OMG. . .did you hear that Jennifer donated to Haiti today? Can you believe it? Can we say YESTERDAY?!?! Nobody donates to Haiti anymore. Hasn't she heard, all the cool kids are giving to the Civil Rights Museum in honor of Black History Month, or something like that.
Ridiculous? I'd say so. But, I give you exhibit A that this conversation has taken place at some level. A quote from an article published on CNN.com entitled 'Is Haiti just a passing fad? Donations are already slowing'.
"That's really the question: How long people's attention spans will last before moving on to the next thing," said Stacy Palmer, editor of the Chronicle of Philanthropy. "This is the really critical stage."
I think a better question is, "how long can people continue to give to a tragic cause such as the events in Haiti, while not neglecting the causes they have always supported or their own financial responsibilities". Now, I understand that there is an elite population that can give and give and give, as well as rally support for others to give. But as for the general public, I think its more a matter of, "we gave what we could and now we're broke" that's causing the donations to slow down.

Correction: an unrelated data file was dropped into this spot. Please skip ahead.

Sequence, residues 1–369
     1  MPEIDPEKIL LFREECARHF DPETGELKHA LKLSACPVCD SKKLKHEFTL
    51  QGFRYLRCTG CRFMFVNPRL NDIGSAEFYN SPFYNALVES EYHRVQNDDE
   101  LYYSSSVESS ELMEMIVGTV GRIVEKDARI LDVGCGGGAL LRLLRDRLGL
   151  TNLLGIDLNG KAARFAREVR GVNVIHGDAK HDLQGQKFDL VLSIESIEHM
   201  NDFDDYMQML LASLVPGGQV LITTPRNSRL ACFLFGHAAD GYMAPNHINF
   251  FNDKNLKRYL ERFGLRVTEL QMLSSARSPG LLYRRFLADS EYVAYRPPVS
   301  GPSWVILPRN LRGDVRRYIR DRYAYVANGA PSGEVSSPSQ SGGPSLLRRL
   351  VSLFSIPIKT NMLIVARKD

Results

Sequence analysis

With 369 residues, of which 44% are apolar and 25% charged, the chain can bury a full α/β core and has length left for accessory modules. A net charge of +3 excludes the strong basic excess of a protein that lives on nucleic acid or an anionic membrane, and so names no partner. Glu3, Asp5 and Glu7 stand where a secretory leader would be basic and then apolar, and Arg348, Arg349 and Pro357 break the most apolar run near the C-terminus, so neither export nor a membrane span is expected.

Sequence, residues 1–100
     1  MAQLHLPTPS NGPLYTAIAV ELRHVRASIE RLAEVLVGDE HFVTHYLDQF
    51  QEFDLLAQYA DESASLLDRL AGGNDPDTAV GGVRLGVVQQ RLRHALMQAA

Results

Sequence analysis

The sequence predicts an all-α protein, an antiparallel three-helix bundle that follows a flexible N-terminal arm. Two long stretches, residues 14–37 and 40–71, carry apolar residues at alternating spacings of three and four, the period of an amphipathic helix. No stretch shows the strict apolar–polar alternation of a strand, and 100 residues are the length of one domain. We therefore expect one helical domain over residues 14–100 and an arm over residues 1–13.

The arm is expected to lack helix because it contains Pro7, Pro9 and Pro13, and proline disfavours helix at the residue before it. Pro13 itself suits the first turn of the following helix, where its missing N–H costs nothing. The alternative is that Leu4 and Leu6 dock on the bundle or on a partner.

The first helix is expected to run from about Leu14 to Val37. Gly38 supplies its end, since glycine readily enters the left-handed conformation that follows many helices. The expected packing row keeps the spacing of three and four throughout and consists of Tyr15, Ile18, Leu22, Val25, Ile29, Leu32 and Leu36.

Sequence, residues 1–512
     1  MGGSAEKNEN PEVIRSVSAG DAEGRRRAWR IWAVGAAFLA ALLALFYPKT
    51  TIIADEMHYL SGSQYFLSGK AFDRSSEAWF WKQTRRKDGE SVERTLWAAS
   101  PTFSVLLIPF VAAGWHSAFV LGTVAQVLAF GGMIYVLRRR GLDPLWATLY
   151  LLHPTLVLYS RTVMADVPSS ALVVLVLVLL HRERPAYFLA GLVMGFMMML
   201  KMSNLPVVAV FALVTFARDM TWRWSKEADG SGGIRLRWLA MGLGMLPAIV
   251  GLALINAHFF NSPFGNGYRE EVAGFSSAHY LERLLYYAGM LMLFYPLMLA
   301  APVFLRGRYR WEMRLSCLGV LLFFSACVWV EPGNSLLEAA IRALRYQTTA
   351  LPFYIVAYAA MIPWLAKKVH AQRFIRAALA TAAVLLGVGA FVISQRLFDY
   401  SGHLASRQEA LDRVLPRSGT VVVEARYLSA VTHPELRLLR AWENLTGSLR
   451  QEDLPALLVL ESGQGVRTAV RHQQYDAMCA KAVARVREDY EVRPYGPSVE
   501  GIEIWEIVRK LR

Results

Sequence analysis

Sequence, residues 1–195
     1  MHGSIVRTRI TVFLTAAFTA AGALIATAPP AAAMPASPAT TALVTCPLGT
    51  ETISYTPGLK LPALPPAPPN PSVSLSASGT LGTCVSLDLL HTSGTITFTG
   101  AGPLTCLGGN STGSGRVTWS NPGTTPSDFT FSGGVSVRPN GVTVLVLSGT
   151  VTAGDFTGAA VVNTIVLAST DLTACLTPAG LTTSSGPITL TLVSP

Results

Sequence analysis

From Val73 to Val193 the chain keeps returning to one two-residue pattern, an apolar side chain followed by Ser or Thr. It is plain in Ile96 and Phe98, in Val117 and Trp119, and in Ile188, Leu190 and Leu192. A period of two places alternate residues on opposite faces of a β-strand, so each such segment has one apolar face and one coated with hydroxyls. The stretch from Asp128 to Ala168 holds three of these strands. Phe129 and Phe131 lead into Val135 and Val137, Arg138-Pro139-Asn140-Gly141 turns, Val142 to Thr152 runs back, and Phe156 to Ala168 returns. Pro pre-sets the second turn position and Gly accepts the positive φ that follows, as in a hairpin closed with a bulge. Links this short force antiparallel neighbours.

I think if it were up to most of us, we'd continue to give to Haiti, Medical Research, Social causes, the fight against hunger, equal rights, and anything else you can think of. Fact of the matter is, however, there comes a time where we have to choose where we think our money will do the most good, as well as which issues weigh so heavily on our hearts that we feel driven to provide for them a voice amongst our community.
I found the article to be a bit of a stretch generally speaking. I remember following 9/11 many non-profit organizations faced dire straights because there was a shift in giving from local charities and organizations to the victims of that horrible day. I remember finding it difficult to take a politically correct stance on that issue. Maybe the article is right in that I don't feel a personal connection (although I do feel a human connection) to the victims in Haiti, and therefore find it easier to resume prioritizing the passion I have for other causes with less hesitation than I did after 9/11. Once again, though, I'm finding it hard to be politically correct.